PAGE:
The style of door is perhaps one of the largest factors that will determine your overall door installation costs. Standard single doors and interior doors are budget-friendly, but you’ll have to splurge on specialty exterior doors. Here’s what you can expect to pay, including labor and materials.

Door StyleCost Range
Standard Single Door$200 – $1,800
Double Doors$750 – $5,000
French Doors$600 – $5,800
Sliding Doors$500 – $4,500
Bifold Doors$150 – $13,800+
Fire-Rated Doors$400 – $1,300
Bulkhead Cellar Doors$1,000 – $6,000

Standard Single Door

Installing a door costs $200 to $1,800 if it’s a standard door with a basic installation. Though a standard single door is nothing snazzy, it gets the job done.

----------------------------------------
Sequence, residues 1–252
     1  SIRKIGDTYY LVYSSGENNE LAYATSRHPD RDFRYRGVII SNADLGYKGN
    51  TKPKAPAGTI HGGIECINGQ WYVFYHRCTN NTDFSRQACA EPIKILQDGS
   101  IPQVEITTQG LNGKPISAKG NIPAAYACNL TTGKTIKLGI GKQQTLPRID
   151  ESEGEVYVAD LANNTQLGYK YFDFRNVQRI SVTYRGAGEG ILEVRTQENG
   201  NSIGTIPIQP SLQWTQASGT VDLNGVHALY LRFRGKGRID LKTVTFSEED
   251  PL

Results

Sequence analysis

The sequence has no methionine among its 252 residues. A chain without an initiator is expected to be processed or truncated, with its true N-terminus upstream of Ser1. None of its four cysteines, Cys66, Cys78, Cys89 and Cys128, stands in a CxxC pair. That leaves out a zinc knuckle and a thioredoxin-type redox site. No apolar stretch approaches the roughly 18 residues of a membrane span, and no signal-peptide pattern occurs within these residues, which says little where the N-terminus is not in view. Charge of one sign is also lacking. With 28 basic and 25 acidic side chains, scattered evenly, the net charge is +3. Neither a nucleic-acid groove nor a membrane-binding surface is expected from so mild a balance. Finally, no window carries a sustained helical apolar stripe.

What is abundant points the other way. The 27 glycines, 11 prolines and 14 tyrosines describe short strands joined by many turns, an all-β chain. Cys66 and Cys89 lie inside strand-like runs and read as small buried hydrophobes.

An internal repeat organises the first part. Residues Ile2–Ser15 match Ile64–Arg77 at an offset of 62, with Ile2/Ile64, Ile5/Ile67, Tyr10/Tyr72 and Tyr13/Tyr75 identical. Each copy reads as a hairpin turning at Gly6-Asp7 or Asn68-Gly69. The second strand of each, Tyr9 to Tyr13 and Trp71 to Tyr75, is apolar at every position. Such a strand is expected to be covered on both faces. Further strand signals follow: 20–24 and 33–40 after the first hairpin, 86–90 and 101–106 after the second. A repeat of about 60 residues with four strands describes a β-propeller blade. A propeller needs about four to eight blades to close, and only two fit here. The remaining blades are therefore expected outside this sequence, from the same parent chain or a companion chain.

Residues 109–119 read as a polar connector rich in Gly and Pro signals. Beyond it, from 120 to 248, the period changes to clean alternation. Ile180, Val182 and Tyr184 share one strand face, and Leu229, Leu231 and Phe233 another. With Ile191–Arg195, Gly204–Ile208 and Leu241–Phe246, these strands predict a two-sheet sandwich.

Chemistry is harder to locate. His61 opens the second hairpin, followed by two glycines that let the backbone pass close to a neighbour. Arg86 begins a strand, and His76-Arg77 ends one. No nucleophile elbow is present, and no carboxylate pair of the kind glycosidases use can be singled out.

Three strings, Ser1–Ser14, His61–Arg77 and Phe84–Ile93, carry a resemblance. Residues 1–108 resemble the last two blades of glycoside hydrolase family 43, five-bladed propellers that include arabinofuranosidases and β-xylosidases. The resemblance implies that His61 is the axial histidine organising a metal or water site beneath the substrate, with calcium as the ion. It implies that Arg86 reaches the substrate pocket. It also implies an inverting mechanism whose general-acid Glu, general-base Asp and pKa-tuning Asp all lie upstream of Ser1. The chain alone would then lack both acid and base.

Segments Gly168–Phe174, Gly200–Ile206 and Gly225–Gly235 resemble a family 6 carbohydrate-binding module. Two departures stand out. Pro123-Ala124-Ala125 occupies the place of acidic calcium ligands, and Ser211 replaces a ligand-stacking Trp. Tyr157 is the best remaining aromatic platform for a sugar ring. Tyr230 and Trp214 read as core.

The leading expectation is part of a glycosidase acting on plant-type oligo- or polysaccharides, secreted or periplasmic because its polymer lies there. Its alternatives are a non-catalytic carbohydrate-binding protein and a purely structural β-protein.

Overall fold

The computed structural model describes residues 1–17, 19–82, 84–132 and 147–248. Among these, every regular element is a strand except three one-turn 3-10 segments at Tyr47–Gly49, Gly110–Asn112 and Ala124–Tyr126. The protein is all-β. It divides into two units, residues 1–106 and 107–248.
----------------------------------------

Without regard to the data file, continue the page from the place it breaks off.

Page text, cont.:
Double Doors

Double doors cost between $750 and $5,000 to install, though they can cost more depending on the design. In particular, costs can soar if you want to install exterior double doors in a load-bearing wall. That project is notably labor-intensive.

French Doors

French doors have several smaller glass panes that act as a full-view window. Expect to spend anywhere between $600 and $5,800 to install this type of door into an existing frame. You’ll often find French doors installed as double doors, especially in historic homes, but you can install a single French door, which would cost less.

Sliding Doors

Installing a sliding door costs anywhere from $500 to $4,500. On average, most homeowners spend $2,150, but it depends on the type of sliding door. A basic model can cost as little as $300 before installation, but you’ll spend more on specialty models including soundproof doors, double pane glass doors, hurricane impact doors, and automatic sliding doors.